## Comparison of large margin training to other discriminative methods for phonetic recognition by hidden Markov models (2007)

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Venue: | In Proceedings of ICASSP 2007 |

Citations: | 27 - 4 self |

### BibTeX

@INPROCEEDINGS{Sha07comparisonof,

author = {Fei Sha},

title = {Comparison of large margin training to other discriminative methods for phonetic recognition by hidden Markov models},

booktitle = {In Proceedings of ICASSP 2007},

year = {2007}

}

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### Abstract

In this paper we compare three frameworks for discriminative training of continuous-density hidden Markov models (CD-HMMs). Specifically, we compare two popular frameworks, based on conditional maximum likelihood (CML) and minimum classification error (MCE), to a new framework based on margin maximization. Unlike CML and MCE, our formulation of large margin training explicitly penalizes incorrect decodings by an amount proportional to the number of mislabeled hidden states. It also leads to a convex optimization over the parameter space of CD-HMMs, thus avoiding the problem of spurious local minima. We used discriminatively trained CD-HMMs from all three frameworks to build phonetic recognizers on the TIMIT speech corpus. The different recognizers employed exactly the same acoustic front end and hidden state space, thus enabling us to isolate the effect of different cost functions, parameterizations, and numerical optimizations. Experimentally, we find that our framework for large margin training yields significantly lower error rates than both CML and MCE training. Index Terms — speech recognition, discriminative training, MMI, MCE, large margin, phoneme recognition 1.

### Citations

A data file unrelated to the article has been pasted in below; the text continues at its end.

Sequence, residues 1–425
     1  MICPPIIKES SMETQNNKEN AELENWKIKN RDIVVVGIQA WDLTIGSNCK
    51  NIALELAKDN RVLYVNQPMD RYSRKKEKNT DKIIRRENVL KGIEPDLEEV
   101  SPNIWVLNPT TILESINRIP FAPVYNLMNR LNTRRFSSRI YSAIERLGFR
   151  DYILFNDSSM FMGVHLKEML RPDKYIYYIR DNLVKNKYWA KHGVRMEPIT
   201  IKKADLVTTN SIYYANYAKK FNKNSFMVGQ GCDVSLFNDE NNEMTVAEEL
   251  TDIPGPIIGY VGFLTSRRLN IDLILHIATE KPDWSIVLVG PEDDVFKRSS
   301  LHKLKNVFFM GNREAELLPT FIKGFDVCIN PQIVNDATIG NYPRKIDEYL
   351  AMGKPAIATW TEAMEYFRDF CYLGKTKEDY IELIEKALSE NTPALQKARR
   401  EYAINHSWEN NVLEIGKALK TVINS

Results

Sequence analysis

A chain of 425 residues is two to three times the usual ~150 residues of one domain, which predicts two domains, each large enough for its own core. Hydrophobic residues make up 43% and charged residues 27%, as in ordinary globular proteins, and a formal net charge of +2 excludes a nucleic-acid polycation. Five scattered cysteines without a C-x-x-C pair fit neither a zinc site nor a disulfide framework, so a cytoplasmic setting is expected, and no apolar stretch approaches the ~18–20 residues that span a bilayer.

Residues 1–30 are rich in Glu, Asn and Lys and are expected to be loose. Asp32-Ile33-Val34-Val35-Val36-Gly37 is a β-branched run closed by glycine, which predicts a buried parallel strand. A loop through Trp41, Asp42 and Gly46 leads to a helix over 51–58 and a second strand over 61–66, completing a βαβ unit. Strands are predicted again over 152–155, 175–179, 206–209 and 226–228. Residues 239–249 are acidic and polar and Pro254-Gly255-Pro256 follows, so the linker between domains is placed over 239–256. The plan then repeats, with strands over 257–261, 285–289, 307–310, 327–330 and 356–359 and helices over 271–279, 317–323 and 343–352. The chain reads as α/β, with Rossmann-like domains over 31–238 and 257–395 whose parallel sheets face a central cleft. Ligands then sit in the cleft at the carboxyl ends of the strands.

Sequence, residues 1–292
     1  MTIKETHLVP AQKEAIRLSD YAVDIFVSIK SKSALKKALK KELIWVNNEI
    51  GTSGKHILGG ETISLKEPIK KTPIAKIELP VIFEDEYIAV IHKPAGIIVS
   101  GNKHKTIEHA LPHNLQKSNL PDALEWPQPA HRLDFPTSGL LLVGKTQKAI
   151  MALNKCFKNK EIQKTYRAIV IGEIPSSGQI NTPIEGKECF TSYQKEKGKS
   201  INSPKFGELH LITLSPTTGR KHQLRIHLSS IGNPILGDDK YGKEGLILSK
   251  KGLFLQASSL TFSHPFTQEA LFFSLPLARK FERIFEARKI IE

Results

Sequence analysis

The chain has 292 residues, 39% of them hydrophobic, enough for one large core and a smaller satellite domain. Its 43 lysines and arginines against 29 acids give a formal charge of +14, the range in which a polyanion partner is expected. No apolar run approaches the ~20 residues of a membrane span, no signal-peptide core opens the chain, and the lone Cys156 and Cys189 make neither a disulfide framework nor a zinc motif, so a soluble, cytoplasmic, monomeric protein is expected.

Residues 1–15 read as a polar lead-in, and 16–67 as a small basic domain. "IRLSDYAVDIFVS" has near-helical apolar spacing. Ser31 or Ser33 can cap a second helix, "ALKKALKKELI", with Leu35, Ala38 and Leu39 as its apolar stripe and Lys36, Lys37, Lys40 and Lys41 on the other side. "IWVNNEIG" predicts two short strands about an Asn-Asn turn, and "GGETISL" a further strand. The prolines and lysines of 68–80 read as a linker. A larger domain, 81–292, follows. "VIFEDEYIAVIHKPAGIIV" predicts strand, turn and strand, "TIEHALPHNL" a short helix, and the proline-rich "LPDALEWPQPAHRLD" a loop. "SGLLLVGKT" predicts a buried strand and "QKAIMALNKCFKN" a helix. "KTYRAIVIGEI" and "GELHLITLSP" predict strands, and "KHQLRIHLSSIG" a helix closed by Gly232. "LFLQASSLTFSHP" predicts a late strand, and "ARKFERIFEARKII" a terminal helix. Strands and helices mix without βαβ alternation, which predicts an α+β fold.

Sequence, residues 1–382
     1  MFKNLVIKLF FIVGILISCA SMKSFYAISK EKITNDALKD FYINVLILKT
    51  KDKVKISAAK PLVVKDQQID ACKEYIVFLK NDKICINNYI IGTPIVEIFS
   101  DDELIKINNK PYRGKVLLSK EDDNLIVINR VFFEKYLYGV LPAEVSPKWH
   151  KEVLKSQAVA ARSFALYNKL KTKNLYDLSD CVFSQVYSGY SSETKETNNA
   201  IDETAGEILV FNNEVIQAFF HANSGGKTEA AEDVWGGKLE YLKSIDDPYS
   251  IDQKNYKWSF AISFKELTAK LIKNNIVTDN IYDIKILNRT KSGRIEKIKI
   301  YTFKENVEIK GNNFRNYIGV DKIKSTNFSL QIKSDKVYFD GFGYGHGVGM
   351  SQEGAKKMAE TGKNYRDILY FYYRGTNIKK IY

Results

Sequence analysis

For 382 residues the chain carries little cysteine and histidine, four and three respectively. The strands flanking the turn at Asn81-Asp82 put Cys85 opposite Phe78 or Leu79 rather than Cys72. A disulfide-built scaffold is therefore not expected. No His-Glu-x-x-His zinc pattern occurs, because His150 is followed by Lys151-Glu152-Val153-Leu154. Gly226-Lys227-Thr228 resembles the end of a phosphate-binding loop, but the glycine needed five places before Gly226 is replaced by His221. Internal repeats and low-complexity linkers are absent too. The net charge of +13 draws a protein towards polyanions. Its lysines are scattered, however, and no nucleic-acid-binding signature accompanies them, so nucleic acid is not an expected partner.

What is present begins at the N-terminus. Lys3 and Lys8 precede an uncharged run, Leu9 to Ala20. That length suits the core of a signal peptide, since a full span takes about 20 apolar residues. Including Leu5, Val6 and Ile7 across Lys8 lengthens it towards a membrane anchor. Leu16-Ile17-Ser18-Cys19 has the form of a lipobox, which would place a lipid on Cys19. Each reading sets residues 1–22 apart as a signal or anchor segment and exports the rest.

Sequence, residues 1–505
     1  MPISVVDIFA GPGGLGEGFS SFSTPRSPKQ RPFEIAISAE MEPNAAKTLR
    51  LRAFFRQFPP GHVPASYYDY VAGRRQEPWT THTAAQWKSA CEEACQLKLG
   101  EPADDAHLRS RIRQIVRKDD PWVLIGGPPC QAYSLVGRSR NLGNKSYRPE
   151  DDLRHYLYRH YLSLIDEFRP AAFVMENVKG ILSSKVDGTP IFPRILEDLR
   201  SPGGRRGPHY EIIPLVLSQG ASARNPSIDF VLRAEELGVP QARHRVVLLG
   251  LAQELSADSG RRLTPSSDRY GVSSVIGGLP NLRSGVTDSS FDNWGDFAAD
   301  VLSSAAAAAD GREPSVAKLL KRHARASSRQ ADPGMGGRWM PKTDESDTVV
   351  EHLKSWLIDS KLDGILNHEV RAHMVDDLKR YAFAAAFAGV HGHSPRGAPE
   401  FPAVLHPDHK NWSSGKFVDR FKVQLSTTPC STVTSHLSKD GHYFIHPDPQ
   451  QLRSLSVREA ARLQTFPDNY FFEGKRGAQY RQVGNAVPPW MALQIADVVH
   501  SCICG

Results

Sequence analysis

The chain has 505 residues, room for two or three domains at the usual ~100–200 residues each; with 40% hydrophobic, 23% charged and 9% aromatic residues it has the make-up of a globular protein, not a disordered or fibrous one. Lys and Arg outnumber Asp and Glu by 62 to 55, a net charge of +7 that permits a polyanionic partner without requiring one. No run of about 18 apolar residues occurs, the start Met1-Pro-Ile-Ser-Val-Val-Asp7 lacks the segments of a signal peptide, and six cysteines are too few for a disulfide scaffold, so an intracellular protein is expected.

435 | Max-margin markov networks
- Taskar, Guestrin, et al.
- 2003
(Show Context)
Citation Context ...tion [1, 2]. Our framework has two salient features: (i) it attempts to separate the likelihoods of correct versus incorrect label sequences by margins proportional to the number of mislabeled states =-=[10]-=-; (ii) the required optimization is convex, thus avoiding the pitfall of spurious local minima. These features also distinguish our approach to large margin training of CD-HMMs from other recent formu... |

250 |
Speaker-independent phone recognition using bidden Markov models
- Lee, Hon
- 1989
(Show Context)
Citation Context ...several variants of these frameworks) to explore the effects of different parameterizations, initializations, and cost functions. 3.1. Setup CD-HMMs were evaluated on the task of phonetic recognition =-=[12]-=-— namely, mapping speech utterances to sequences of phonemes, as opposed to higher-level units, such as words. Phonetic label sequences of test utterances were inferred using Viterbi decoding. Note th... |

183 |
Discriminative Learning for Minimum Error Classification
- Juang, Katagiri
- 1992
(Show Context)
Citation Context ...iversity of California (San Diego) 9500 Gilman Drive, Mail Code 0404 La Jolla, CA 92093-0404 estimated directly to maximize the conditional likelihood [3, 4] or minimize the classification error rate =-=[5]-=-. Though not as straightforward to implement as ML estimation, discriminative methods yield much lower error rates on most tasks in automatic speech recognition (ASR). We investigate salient differenc... |

163 |
Maximum Mutual Information Estimation of Hidden Markov Models Parameters for Speech Recognition
- Souza, V, et al.
- 1986
(Show Context)
Citation Context ...Department of Computer Science and Engineering University of California (San Diego) 9500 Gilman Drive, Mail Code 0404 La Jolla, CA 92093-0404 estimated directly to maximize the conditional likelihood =-=[3, 4]-=- or minimize the classification error rate [5]. Though not as straightforward to implement as ML estimation, discriminative methods yield much lower error rates on most tasks in automatic speech recog... |

137 |
Speech Database Development: Design and Analysis of the Acoustic-Phonetic Corpus
- Lamel, Kassel, et al.
- 1986
(Show Context)
Citation Context ...s on most tasks in automatic speech recognition (ASR). We investigate salient differences between CML, MCE, and large margin training through carefully designed experiments on the TIMIT speech corpus =-=[6]-=-. Though much smaller than typical corpora used for large vocabulary ASR, the TIMIT corpus provides an apt benchmark for evaluating the intrinsic merits of different frameworks for discriminative trai... |

99 |
Large Scale Discriminative Training of Hidden Markov Models for Speech Recognition
- Woodland, Povey
(Show Context)